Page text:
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Very Stupid Question


pedro7680
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Its mid-engined, rear wheel drive...

So, firstly, switching to RWD means a different driving style, think of it as instead of the engine pulling the car, its pushing it. This means on corners if you accelerate too early or too hard, you could end up losing the back end.

But that said, i much prefer the RWD setup, and instead of the front wheels doing the steering, driving, and the rear wheels simply there to stop the back of the car dragging on the floor, the front wheels steer, and the rear wheels drive...

Plus, our instincts are much more natural in a RWD car, you will naturally correct oversteer correctly, whereas, to correct understeer (in FWD) you have to actually do the opposite to your instincts.

Now, its mid engined, which is the best performance setup (F1 cars are Mid-Rear), so it will handle better, corner faster, BUT (and its a big but) the car will be less forgiving if you reach the limit.. and you wont get an awful lot of warning your approaching said limit, and once the back breaks away, 1 of 2 things are going to happen:

1. You manage to correct the slide before anything bad happens

2. You admire the blurred scenery that your about to collide with....

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Fidgits gave ur answer in a nutshell but id also like to add (after soem brief encounters of the slippery kind!) that when you do approach the limit of grip the car has a very strong tendancy to fishtail after you try and correct any slip... and the first time it happens it scares the crap out of you! This is much more likely to happen in a rev 1/2 car than a rev 3 car (1993 and on)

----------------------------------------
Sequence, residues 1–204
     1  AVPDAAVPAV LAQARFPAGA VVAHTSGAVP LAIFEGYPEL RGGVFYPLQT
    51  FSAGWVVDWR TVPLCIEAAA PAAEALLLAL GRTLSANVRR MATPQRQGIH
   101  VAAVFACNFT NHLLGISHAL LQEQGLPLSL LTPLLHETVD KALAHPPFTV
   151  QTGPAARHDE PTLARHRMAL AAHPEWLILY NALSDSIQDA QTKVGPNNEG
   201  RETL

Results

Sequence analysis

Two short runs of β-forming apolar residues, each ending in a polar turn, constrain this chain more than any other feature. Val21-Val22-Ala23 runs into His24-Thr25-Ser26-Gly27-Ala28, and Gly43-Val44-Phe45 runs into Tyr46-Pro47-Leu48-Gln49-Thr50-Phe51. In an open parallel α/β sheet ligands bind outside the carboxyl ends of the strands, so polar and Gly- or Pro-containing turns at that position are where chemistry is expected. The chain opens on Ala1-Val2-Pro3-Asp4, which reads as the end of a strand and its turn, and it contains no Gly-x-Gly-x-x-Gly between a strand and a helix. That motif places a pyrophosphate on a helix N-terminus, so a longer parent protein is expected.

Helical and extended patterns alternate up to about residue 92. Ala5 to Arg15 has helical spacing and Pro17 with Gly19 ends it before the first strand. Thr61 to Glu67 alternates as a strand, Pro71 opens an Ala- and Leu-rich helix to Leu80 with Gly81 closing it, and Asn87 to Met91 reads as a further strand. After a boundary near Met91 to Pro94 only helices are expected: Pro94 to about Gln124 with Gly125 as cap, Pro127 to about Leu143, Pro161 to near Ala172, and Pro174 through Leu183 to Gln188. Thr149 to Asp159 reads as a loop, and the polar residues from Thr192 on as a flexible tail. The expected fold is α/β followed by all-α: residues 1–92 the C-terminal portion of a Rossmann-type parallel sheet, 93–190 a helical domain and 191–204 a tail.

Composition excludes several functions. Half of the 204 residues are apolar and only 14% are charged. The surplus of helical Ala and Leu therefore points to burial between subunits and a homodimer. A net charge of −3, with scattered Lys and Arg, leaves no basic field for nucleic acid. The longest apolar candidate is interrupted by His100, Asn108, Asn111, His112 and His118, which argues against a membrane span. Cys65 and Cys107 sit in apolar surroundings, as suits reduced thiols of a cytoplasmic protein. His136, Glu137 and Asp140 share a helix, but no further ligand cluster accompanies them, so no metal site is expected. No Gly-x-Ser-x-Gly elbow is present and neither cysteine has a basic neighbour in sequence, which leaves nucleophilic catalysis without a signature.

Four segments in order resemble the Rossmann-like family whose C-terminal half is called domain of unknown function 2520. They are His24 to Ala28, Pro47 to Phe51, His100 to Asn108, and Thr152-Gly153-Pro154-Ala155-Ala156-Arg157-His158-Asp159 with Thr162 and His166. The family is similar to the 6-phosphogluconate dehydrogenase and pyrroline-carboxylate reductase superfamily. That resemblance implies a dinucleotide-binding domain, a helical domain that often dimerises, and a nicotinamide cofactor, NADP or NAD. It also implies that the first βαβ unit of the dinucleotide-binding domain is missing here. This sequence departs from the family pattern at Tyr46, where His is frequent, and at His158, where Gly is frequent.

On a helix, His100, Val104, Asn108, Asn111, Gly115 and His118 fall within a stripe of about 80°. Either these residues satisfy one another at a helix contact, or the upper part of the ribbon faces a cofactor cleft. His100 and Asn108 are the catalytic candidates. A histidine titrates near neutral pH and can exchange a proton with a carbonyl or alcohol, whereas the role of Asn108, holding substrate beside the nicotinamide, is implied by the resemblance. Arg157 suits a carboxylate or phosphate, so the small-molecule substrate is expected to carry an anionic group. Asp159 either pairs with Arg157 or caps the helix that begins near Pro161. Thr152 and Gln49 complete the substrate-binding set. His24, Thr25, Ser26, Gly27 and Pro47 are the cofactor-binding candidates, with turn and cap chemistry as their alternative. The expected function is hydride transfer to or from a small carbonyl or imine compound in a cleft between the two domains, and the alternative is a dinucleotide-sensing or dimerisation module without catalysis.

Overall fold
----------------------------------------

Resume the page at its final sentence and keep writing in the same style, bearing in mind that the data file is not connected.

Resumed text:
The steering is amazing though, it is extremely accurate - the best comparison would be to a go-kart, the car just goes exactly where you point it. The difference is very noticable if you've been used to a fwd drive car, like my previous Carina E .

Really the only thing you gotta be careful and concious about is taking corners, the key sentence i think that fidgits said is:

This means on corners if you accelerate too early or too hard, you could end up losing the back end.

you'll appreciate that sentence a lot more once you've actually driven a tubby!

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i know this is daft,

im getting away from my celica and looking for mr2 turbo,.

but is the engine in the back and is it rear wheel drive??

whats it like to drive

Have to say the mr2 has to be a bad car to learn RWD in...... coming from the sx, i could control it nicely and drift it pretty much where i wanted it, all nice and predictable... the two is compleatly different and well unforgiving..... On standard tyres it understeers, then suddenly oversteers usually spinning you round in a circle :D

Quite fun mind once the initial scaring sessions over and done with :blink:

Go find a nice empty area and playwith it, find out what it does..... after shreadding a set of tyres you should both have respect for each other :D

Oh yeh, mines only an NA and the rears still allover the place :D